Houston presents ambitious vision for bike path network
Houston Bike Plan includes nearly 1,800 miles of paths, would be implanted in stages
Planners with the city of Houston this week presented the product of more than a year of research, planning and public meetings in the form of the Houston Bike Plan. The 374-page report is the city’s first in-depth, long-range plan for its network of bicycle paths and trails in more than 20 years. It includes plans for 1,789 miles of bike paths, and the upper range of its budget would cost as much as $500 million.
That’s a large number, sure to make some eyes roll … and not one that seems likely to get a lot of traction. However, Mary Blitzer says that’s not the number to focus on.
“That figure that you see, $500 million, that’s a long-range figure, over 20 years, as the entire city of Houston is rebuilt,” says Blitzer, who is the interim executive director for Bike Houston, a nonprofit organization that worked with city planners to fund and build the plan. “That’s not really what we’re planning for. It’s good that we’re thinking long-term. But, the focus is on more short-term projects.”
Those short-term projects include 130 miles already in the city’s budget with funding identified. The plan also has 10-year projections that will range in price from $25 million to $50 million, a figure that Blitzer sees as eminently reasonable.
“That’s between $2.5 and $5 million a year over those 10 years. For a city like Houston, with an annual budget of more than $2 billion, that’s nothing at all. What I find really remarkable is what it accomplishes with a small amount of money.”
The Houston Bike Plan’s vision of the city’s network of trails and paths includes a broad range of types of pathways. The goal of 1,789 miles of bike paths would comprise 816 miles of dedicated on-street bike lanes, 668 miles of off-street bike paths or trails and another 305 miles of shared on-street pathways.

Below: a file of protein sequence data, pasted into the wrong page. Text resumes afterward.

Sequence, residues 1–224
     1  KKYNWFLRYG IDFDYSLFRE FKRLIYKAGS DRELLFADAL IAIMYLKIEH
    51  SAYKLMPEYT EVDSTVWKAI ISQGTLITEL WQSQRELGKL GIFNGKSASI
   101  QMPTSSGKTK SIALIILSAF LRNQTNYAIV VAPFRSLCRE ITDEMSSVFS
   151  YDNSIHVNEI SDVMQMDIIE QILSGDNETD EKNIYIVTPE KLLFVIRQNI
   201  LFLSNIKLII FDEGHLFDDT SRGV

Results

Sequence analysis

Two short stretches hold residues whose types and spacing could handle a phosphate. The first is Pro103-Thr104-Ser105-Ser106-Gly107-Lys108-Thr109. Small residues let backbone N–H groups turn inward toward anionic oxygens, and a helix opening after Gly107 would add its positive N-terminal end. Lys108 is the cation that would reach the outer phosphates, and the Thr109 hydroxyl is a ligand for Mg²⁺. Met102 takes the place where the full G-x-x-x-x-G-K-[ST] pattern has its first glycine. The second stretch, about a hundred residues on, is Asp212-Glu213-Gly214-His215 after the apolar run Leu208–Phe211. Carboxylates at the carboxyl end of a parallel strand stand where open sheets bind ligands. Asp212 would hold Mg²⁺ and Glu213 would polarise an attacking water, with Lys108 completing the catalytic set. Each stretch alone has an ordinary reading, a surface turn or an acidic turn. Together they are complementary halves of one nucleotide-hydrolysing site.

The planners categorize the different forms of paths as high comfort or low comfort, essentially gauging how safe would a normal bicycle rider feel on a given street or path. A dedicated, off-street bike trail would provide the most comfort, whereas a city street that has no separated bike lane and traffic moving at 40 miles per hour would provide a low level of comfort. However, a high-comfort path doesn’t need to include new infrastructure or a separate trail of its own. Neighborhood streets with low speed limits and less traffic also are categorized as high comfort, as are two-lane city streets with dedicated bike lanes and a speed limit of 30 miles per hour.
“It’s meant to be an intuitive term,” Blitzer (pictured) says, of the high-comfort designation. “What’s unique about the plan is that we’re considering what’s needed in context. It’s really a cool way to consider design. What is any Houstonian, any person, comfortable riding on?”
The plan fits within the context of the city’s Bayou Greenways project, which is building a network of trails along the city’s bayous, and its Vision Zero initiative, which has a goal of reducing traffic fatalities to zero. The research gathered to build out the plan revealed that a third of the car trips taken in the city of Houston are less than 3 miles. That’s a distance that can be reached within 15 minutes by bike and one that can sometimes take even longer in a car in a city with Houston’s level of traffic congestion.
“That’s what this bike plan is about, getting thousands, millions more people out on bikes.”
To reach that point, though, the city staffers who put together the plan are considering a bond election in 2017. While it includes a 10-year plan for projects that would cost as little as $25 million, there is also another set of projects over that timespan that would cost between $68 million and $100 million. And, that would require a bond proposition, in all likelihood.
The Houston Bike Plan is a city of Houston project. Bike Houston funded about a third of its costs and helped provide research and organize community feedback, but it is a product of the City of Houston Bikeways Program. Representatives of the program presented the plan to the Houston City Council’s Transportation, Technology and Infrastructure Committee Monday, June 20. It will go for a vote before the entire council by August or September, and Blitzer expects it to be approved.
“It should pass,” she says. “It’s a fantastic plan that really identifies where we need to go. It doesn’t commit any money right now. There’s really no reason for anyone not to vote for it.”